November 2, 2016
I see you there.
In the corner.
Trying to pretend you’re not here.
That you’re not at a pediatric rehab facility with your child.
Trying to deny that the flapping, toe walking, and self-injurious behaviors aren’t autism. Trying to fix him without knowing what broke him.
I hear the determination in your voice when you tell that therapist that your child doesn’t have autism. I feel your abject terror at the idea in my soul.
I have some things to tell you. Pull up a chair and let me hold your hand. I was in your shoes nine years ago. My child, who had been perfectly developing ahead of schedule, regressed. I spent almost a year insisting he couldn’t possibly have autism because that list of symptoms they pick from were all supposed to start before age three — and he was older than that.
I demanded the neurologist diagnose him with acquired aphasia so that I could finagle getting insurance to pay for ABA therapy. After all, my insurance (at that time, they’ve since improved) wouldn’t pay for ANYTHING related to an autism diagnosis. So if I was going to get him help, we had to be creative.
I know now that as soul-crushingly difficult it is to process a diagnosis of autism, it actually will help your child get the services they need. In most states that diagnosis is the start of everything that you are going to need for the next number of years.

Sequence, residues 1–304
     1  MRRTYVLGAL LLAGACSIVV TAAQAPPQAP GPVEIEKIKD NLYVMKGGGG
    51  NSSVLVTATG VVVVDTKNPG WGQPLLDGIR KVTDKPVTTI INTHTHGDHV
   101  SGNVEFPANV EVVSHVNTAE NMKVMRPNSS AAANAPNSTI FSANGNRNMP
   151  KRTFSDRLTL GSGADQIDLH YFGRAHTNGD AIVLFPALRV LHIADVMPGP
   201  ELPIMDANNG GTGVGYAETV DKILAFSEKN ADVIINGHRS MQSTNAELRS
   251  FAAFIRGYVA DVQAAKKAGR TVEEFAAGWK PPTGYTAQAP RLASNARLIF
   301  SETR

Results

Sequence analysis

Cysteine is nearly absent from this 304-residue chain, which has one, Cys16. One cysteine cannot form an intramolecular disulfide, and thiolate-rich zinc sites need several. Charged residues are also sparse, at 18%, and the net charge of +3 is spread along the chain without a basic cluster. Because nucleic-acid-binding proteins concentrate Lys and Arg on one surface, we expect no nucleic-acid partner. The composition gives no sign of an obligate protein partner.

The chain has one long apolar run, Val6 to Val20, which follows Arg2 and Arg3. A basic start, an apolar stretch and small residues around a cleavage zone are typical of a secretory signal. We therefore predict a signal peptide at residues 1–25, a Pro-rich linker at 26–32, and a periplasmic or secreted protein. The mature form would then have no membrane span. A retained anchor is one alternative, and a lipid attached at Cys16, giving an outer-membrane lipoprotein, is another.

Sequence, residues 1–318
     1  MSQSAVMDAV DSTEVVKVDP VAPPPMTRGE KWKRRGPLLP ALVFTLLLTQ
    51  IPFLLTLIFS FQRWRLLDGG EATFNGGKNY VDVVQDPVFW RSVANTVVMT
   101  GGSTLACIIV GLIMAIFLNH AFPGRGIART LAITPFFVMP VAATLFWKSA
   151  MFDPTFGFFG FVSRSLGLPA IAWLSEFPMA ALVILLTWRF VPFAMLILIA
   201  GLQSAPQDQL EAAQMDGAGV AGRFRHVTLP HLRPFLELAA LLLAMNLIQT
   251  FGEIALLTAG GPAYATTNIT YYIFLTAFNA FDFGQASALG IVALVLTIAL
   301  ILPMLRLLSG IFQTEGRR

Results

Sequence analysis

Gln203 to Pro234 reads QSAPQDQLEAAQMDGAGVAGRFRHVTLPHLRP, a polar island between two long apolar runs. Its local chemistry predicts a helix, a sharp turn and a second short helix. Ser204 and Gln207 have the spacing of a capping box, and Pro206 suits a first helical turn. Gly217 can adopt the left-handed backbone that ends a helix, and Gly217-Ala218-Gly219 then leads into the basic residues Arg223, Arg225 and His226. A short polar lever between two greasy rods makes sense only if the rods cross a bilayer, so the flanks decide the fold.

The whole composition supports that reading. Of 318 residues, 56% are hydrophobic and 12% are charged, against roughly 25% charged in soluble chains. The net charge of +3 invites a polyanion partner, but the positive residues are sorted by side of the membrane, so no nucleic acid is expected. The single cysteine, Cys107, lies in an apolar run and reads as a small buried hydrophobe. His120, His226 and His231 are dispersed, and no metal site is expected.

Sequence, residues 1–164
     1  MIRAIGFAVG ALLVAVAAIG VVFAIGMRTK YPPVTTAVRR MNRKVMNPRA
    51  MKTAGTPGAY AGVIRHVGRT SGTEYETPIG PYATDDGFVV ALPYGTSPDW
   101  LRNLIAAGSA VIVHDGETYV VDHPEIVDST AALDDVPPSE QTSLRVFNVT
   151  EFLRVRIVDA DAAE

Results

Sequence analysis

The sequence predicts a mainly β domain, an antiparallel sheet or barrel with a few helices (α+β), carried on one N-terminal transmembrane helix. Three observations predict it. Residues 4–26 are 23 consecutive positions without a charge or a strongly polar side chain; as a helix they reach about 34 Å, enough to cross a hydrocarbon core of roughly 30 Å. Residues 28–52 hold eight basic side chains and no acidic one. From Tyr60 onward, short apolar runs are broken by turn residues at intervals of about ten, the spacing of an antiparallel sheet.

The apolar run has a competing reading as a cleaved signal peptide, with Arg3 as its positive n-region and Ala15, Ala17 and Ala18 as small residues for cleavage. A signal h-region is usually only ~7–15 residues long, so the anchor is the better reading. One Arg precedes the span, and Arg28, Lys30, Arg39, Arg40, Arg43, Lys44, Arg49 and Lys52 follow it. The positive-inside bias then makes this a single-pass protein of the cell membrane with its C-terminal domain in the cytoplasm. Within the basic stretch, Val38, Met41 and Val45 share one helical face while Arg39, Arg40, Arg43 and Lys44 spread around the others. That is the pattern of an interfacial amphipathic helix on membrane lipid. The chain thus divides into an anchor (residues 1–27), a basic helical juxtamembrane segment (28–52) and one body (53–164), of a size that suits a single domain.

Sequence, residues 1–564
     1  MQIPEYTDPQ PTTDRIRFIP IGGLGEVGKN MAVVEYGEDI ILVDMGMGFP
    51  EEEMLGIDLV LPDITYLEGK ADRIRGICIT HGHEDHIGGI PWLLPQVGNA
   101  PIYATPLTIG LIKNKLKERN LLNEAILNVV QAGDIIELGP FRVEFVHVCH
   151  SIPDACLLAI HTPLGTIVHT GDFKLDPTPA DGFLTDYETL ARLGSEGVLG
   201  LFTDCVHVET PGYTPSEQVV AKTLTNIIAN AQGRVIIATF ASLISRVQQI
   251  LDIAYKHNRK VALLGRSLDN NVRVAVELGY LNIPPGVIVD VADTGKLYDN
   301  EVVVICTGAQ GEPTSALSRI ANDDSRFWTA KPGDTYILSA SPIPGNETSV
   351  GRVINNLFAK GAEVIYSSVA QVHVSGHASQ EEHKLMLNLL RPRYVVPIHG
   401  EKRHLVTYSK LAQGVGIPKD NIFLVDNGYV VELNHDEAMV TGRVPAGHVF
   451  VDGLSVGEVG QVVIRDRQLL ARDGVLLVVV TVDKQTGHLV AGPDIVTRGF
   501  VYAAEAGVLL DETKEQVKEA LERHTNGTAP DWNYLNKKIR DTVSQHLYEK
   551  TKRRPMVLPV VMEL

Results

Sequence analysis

I hear that therapist over there begging you to get a diagnosis. She’s doing it not because she wants to label your kid, not because she’s trying to hurt you, and not because you failed. She’s doing it because that diagnosis is going to open the doors for you — doors to Medicaid waivers that will pay for every therapy under the sun; doors to early intervention through the school system that will get you in-house treatment now; doors to get you respite care — because you will need it.
I see you wrapping yourself tightly in the blanket of denial. Because as long as there’s no diagnosis, you can avoid the heartache that comes from having a child with autism. I am here to tell you that a diagnosis will not change your child. It will not make him any less the amazing human being that you brought into this world. It will not make you love him any less — in fact, in our experience it’s made me SO incredibly in awe of how hard my son has to work for every single tiny inchstone. It will not identify you as a failure.
I will share with you that the diagnosis will change your life. Some days are horrible, and some are amazing. You will meet some of the most astonishingly awesome human beings on the planet. You will realize that this journey is different for every one of us and that when we walk with each other when we can, we share the struggle. You will learn how to be your child’s best and strongest advocate. Teachers, therapists, and medical professionals will learn they cannot bullshit you and that you know the law. You will not walk alone — there are many of us, and we will help you.
So, mom in the corner of that waiting room, please listen to your child’s therapist. The longer you spend in denial, the longer you wait to get on the waiver, and the longer your baby goes without appropriate therapies.
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